As a child I did not crawl at all before starting to walk. And I did not walk until the morning of my first birthday when all of the children ate, drank, danced and played around or past my spot. Until that day, I would just be there as if glued on to wherever Mum or anyone else would sit me up until whoever came willing to pick me up again. How I would put out my hands towards every passer-by to signal that I wished to be moved, making enough sounds to invite attention. And how I did that without crying for it was also much fun, as Mum and Dad would later describe my funny stats in life. Of the siblings before me from Dad’s two wives, there was not one so different in childhood features as I would turn out to be. Especially after that morning when my birthday celebration brought so many happy children around me for the first time and I finally got up on my feet and joined the party, just like that.
Dad believed it was the result of being very sickly in my first few months. Every known childhood illness came my way and he shared every moment of anxiety with Mums until this turning point at one when my health was also no more in any danger through primary school and college age.
Speaking about primary school also brings up another truly funny act of mine.
Mum’s mate was the one who led me to my first day at school. The environment was full of fear for me and the sight of so many crying children was enough to sway my heart. So at some point during registration I excused myself to use the toilet. My escort was not paying attention to me because she had to keep her place on the queue. And it was to have been just a short walk away but that was the last she saw of me all of the remaining school day. I found my way back home, so far away that she could not imagine I could find my way. When she came home late afternoon with swollen eyes from weeping for my loss, she found me at my late lunch table. Infuriated, she picked me up and flogged me thoroughly.
The fear of school was forever driven from my heart and in its place was born the opposite love for my education. These coincidences attracted quite a few nicknames. Dad believed I was a reincarnation of his only other brother who had recently died and nicknamed me after him. They loved one another so much and he believed my love for him was the sole reason I refused to die in that first year. He talked about it with tears a few times and was always so proud of me, which slowly created such a passion in me to always make him very happy. Each exam report was my first stream of thank-you gift to Dad. School certificate result was delayed and Dad said not to worry, I could repeat. I assured him that I will be in division one.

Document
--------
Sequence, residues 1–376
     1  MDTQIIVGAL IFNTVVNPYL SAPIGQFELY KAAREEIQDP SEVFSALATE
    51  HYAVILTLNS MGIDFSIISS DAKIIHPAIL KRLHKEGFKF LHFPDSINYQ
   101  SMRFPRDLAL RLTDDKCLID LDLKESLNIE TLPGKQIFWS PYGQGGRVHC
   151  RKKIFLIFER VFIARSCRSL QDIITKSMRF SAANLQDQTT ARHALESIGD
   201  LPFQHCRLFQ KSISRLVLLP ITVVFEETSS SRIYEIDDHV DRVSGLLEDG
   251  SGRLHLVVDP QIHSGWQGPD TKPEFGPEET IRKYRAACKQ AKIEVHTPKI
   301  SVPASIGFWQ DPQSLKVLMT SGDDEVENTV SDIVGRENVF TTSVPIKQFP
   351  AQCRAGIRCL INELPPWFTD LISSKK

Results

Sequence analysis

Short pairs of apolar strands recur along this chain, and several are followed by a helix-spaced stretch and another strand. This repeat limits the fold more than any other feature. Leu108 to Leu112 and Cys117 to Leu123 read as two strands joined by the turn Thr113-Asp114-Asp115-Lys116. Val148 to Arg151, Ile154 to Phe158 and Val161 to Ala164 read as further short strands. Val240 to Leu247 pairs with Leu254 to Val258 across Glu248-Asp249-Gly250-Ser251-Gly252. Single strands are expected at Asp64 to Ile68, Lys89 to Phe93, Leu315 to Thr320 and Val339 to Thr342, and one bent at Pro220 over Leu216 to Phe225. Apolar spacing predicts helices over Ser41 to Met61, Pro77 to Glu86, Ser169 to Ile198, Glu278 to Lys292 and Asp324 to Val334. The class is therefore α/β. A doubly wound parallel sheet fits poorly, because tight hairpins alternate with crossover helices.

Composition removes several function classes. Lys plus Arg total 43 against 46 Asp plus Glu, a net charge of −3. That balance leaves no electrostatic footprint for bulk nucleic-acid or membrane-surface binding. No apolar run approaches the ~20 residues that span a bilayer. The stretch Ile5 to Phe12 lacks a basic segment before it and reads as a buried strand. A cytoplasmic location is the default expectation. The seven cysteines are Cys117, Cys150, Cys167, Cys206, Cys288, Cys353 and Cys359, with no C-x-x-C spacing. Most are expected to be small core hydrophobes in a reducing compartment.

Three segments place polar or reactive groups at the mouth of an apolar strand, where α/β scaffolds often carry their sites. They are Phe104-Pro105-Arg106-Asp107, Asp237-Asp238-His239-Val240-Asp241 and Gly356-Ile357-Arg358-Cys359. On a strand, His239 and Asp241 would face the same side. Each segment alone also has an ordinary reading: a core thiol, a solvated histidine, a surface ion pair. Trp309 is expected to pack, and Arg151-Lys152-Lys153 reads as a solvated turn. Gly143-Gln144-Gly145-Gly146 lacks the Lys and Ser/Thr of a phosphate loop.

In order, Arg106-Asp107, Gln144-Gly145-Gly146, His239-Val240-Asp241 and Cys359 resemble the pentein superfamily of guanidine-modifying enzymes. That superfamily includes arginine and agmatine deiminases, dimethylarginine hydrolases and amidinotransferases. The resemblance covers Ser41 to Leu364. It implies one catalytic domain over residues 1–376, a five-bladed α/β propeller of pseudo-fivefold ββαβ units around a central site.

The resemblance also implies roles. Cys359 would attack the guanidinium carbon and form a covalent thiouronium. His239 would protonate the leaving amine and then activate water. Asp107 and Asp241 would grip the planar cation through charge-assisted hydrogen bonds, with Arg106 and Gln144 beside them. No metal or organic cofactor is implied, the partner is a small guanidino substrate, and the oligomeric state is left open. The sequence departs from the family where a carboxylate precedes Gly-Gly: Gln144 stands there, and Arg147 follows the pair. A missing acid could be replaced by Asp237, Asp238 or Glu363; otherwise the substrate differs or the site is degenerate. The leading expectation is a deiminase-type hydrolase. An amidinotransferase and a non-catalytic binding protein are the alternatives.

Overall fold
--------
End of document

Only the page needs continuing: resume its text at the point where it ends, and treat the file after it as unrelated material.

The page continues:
Mum also had her nickname for this child that literally refused to be killed by every dreaded childhood disease. She had fourteen deliveries in all and only six would live including two of the three after me. She believed that my destiny was to protect her and I got nicknamed “the great one who would save me”. In the native language, this mouthful came alive in three one-syllable words. She would not get involved with any contract without asking my opinion. Once when she got duped, she told everyone that if I had been available she would never have seen such breach. In her eyes I was godsend for her freedom and I enjoyed giving her pride in herself even till her point of death.
Speaking about lightening her fears, here are two of what I consider my funniest acts. One was my first attempt at getting a girlfriend during my upper primary school years and the other, nightmares during sleep in my pre-university period of work experience. My parents championed the values of work experience for every young adult in my category, to learn the double-edged discipline of waking up early regularly and reporting responsibly to authority as a means of testing your worth. I made it great fun by taking up one of Dad’s old bicycles and being my own mechanic for it throughout the time. They watched me using it to and from work every day with delight especially in the savings I made on transport and I handed it to Dad.
The trouble of handing out my first notice for a girlfriend was caused by her mum as a firm reprisal and I learned some basic rules of the game. We were neighbours quite a few blocks apart in the same estate and as kids we would not let the problems of our parents make or mar our tone of friendships. In a multicultural community of those times, her mum threw hot soup meant for family table all over me to make a point against crossing the line. It worked; I didn’t cross the line for a girlfriend till third year in university.
An important line my mother watched me cross during my work experience was in my dreams. Each night was a nightmare and I’ll wake up screaming. She’ll be immediately beside to lead me to Dad’s bed and there I could sleep soundly till dawn. Sibling rivalry believed I was making it up but until later in life when I knew better, during sleep a presence would be pressing on me so hard that I would be physically helpless. In the resulting panic struggle to release myself from this force, I would awake screaming. In community crippled by fear of death, many still believe it’s due to witchcraft and often they are right. But if your religion knows who you’re, Soul, complete child of God, it means you’re ready to see why you’re here on earth. Just be still, watch.
Tony Nwadialo – Author, The Three Freedoms, Volume 1 @ www.createspace.com/3860724